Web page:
Important Information Pertaining to Chapter 7 Bankruptcy in California
Income and Chapter 7 Bankruptcy
Any debtor who is seeking to file for relief under Chapter 7, will have to meet eligibility requirements that are imposed by the “Bankruptcy Reform And Consumer Protection Act” that was passed in 2005. The amount allowed will be determined through a “means test” that will review gross income from the previous 6 months before you started the filing process.
Your income must be under the median in order to meet the means test and allow you to proceed in filing for Chapter 7 Bankruptcy. If higher than the median, you will complete the entire process for the means test. It will:
- deduct expenditures from gross income
- determine your monthly income that is disposable
- determine income that exceeds the median
- determine if a Chapter 13 option is a more applicable option.
If you can prove that you will be unable to pay $100 a month, or $6000 over the coming 5 years, to creditors that are deemed unsecured, after all your expenses have been deducted then you will most likely qualify.
Chapter 7 will not be granted, if your means tests shows that you will be able to pay $166.67 monthly to unsecured creditors, or $10,000 in a 5 year period This will disqualify your application for Chapter 7, and will not proceed. If you can afford payments of 25% or higher on unsecured debt, Chapter 7 will be denied. If you are unable to meet the 25% payments then a Chapter 7 filing will likely be approved.
This term is used when creditors hold no collateral of the debtor. These can include:
- legal bills
- hospital bills
- credit cards *some exception may apply.
Items that cannot be part of a Chapter 7 bankruptcy filing include:
- student loans
- criminal fines
- restitution payments
- income taxes that are less than 3 years old
- money that was procured through fraudulent means
Also note that even should a debtor qualify for a Chapter 7 filing, they may still choose to use the Chapter 13 option.
In the State of California, median incomes for FFY, 2012 are as follows:
Household of 1 – $2128.66 Monthly – $25,544 Annually
Household of 2 – $2677.66 Monthly – $32,096 Annually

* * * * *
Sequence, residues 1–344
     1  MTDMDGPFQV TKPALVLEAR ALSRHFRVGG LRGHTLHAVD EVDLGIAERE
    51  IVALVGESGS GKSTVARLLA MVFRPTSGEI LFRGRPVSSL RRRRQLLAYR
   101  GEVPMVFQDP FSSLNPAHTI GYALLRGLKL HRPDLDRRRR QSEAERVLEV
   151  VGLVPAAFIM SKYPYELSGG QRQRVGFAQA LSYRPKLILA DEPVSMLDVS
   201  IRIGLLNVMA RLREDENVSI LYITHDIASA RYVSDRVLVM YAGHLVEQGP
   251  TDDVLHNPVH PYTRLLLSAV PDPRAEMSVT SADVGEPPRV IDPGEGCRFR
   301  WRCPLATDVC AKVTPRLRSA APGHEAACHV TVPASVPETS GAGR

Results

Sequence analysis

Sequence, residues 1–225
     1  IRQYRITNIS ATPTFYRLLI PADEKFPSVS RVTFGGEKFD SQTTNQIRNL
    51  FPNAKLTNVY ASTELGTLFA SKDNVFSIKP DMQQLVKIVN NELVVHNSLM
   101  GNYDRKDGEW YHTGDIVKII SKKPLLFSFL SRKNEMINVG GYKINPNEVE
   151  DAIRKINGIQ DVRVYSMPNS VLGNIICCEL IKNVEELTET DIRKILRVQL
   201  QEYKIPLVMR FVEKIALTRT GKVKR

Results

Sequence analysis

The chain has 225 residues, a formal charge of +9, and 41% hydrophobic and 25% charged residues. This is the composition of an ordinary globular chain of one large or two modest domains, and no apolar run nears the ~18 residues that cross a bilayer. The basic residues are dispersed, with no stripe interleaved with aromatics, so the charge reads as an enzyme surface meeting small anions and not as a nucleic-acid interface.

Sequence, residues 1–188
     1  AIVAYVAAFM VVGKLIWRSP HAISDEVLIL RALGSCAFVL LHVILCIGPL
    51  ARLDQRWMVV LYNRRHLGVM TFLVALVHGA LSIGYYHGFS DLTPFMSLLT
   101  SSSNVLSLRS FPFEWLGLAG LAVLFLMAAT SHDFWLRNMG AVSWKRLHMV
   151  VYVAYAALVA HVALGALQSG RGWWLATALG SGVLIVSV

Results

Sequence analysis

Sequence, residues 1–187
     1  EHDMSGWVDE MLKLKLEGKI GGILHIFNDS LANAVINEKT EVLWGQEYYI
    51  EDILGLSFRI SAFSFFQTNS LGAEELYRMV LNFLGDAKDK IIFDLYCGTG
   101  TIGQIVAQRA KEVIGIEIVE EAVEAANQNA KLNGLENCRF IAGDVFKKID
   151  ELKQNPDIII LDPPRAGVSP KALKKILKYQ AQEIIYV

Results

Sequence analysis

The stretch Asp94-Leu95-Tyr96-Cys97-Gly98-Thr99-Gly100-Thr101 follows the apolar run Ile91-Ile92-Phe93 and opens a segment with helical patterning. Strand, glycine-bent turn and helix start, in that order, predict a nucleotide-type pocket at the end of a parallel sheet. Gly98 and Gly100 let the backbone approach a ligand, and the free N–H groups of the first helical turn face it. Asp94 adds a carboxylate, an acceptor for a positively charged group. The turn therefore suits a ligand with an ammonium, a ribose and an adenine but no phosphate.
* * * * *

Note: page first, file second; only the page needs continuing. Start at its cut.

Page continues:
Household of 3 – $3,304.00 Monthly – $39,648 Annually
Household of 4 – $3,933.00 Monthly – $47,200 Annually
Household of 5 – $4,562.00 Monthly – $54,752 Annually
Household of 6 – $5,191.91 Monthly - $62,303 Annually
Starting the Process
In order to start your Chapter 7 bankruptcy process you’ll need to prepare some items.
You’ll need to:
- make an itemized list of all current income
- detail any transactions considered to be major for the past two years
- list all your monthly, cost of living expenses
- list all debts that are unsecured and secured
- list property – real estate, cars, and any items of value
- include tax returns going back two years
- deeds or titles to cars, land, and houses
- all documents that pertain to any loans you currently have
Once this is completed, you should review all items with your attorney in order to determine which items are exempt under California law.
Next, you attorney will file a 2 page petition, along with other forms to the District Bankruptcy Court in California. Together these forms will hence forth be referred to as schedules. Together they list your financial status, as of the day of filing, and transactions that have been recently processed. This forms need to be filled out honestly. If anything has been left out or hidden, your creditors or the judge could penalize you and this could put your petition in jeopardy.
The cost associated with a Chapter 7 Bankruptcy filing is under $500, and cannot be waived. If this amount is difficult for you, you may be able to set up a payment schedule with your lawyer.
What is an Automatic Stay?
After all paperwork has been filed, the court will grant an automatic stay. This legally prohibits your creditors from approaching you for further payments. This will not be allowed to visit you, call you, or send notices by mail. If there are any court proceedings outstanding against you these will immediately stop, including foreclosure.
There are exceptions to this and they include ongoing actions where modifying domestic support is in question, criminal actions, and any audits from the Internal Revenue Service.
Secured creditors may ask the court to remove the automatic stay, should the debtor have no equity in the asset in question, or if the order does not adequately protect the secured creditor. Only the court has to ability to lift the automatic stay in a Chapter 7 bankruptcy proceeding. This usually does not happen until you have been discharged, or when property you own is no longer part of your estate. Creditors who violate automatic stays risk being sanctioned by the court.
To get help with your bankruptcy issue from a competent attorney, call Legal Solutions 2 U today at (855) 77 LAW 2 U (855-775-2928).